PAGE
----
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Published May 2016 | public
Journal Article

Using Cre-Dependent In Vivo Selection to Identify AAV Variants That Enable Efficient and Widespread Gene Transfer to the Adult Central Nervous System


Recombinant adeno-associated viruses (rAAVs) are commonly used vehicles for in vivo gene transfer. However, the tropism repertoire of naturally occurring AAVs is limited, prompting the development of novel AAV capsids with more desirable transduction characteristics. We have developed a capsid selection method, called Cre-recombination-based AAV targeted evolution (CREATE), that enables the identification of AAV capsids that more efficiently transduce defined cell populations in vivo (Deverman et al. in press, Nature Biotechnology). We generated AAV capsid libraries and used CREATE to identify variants that cross the blood brain barrier and efficiently and widely transduce astrocytes in the mouse central nervous system (CNS) after intravenous injection. One variant, AAVPHP. B, transfers genes throughout the adult CNS with an efficiency that is 40- to 92-fold greater (depending on the CNS region) than that of the current standard, AAV9. It transduces the majority of astrocytes and neurons across multiple CNS regions, and in vitro, it transduces human neurons and astrocytes more efficiently than does AAV9. We are now evolving AAV-PHP.B for even greater transduction of specific CNS cell types as a means to both develop more effective vectors and to gain insight into the mechanism of enhanced transduction. Our identification of AAV-PHP.B and several other enhanced vectors after only two rounds of selection establishes CREATE as a powerful method to customize AAV vectors for biomedical applications.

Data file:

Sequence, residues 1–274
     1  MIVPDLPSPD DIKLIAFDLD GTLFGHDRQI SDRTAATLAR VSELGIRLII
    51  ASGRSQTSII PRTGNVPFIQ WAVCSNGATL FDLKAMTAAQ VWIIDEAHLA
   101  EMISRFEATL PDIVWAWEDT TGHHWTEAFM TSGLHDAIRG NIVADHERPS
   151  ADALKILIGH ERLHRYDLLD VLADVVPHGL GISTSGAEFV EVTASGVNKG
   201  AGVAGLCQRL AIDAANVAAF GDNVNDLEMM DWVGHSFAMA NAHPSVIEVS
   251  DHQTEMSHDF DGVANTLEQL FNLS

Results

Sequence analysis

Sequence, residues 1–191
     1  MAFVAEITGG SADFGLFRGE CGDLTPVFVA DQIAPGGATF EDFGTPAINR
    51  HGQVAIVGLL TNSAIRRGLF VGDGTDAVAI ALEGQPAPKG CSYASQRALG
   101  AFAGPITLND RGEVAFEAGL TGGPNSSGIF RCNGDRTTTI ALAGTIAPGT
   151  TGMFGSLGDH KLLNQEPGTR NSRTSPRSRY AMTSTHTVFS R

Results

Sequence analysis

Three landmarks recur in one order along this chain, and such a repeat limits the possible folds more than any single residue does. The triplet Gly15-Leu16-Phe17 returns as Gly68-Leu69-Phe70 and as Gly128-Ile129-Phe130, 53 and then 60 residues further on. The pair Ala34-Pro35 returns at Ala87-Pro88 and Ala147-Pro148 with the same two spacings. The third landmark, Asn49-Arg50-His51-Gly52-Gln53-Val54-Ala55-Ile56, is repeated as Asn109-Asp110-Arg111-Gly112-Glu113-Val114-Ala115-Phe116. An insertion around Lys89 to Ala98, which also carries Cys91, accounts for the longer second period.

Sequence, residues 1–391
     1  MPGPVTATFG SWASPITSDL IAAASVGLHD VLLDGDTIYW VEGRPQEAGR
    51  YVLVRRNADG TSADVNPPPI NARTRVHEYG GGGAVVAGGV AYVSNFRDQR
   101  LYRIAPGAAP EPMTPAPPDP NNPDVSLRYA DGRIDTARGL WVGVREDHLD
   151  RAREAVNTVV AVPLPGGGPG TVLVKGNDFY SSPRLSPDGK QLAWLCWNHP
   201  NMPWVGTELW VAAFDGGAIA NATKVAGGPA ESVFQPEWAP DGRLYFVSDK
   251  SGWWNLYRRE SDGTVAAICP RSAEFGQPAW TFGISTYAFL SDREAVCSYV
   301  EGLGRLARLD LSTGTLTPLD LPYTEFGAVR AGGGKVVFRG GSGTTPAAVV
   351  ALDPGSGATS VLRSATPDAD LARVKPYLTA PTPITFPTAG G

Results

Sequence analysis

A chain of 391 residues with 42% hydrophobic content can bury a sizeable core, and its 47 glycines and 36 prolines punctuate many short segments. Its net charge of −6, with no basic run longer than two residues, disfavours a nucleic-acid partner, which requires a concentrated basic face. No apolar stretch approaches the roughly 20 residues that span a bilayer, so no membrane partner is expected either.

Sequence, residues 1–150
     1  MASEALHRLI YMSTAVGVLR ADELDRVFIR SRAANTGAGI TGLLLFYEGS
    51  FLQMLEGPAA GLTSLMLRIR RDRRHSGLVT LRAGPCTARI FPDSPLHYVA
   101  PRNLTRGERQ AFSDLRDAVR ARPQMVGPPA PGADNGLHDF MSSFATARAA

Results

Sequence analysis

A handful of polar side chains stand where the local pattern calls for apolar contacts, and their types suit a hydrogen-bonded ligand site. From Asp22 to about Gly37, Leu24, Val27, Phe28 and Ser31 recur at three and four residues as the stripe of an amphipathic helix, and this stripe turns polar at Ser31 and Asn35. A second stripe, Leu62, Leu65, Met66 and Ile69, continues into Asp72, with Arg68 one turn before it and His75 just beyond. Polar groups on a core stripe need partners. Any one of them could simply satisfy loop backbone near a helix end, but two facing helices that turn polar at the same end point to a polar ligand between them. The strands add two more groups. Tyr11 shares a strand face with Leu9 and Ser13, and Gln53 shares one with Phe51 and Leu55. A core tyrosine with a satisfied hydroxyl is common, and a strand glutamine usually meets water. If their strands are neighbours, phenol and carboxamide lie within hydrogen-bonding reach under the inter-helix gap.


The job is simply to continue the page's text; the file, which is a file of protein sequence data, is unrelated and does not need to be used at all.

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© 2016 The American Society of Gene & Cell Therapy.

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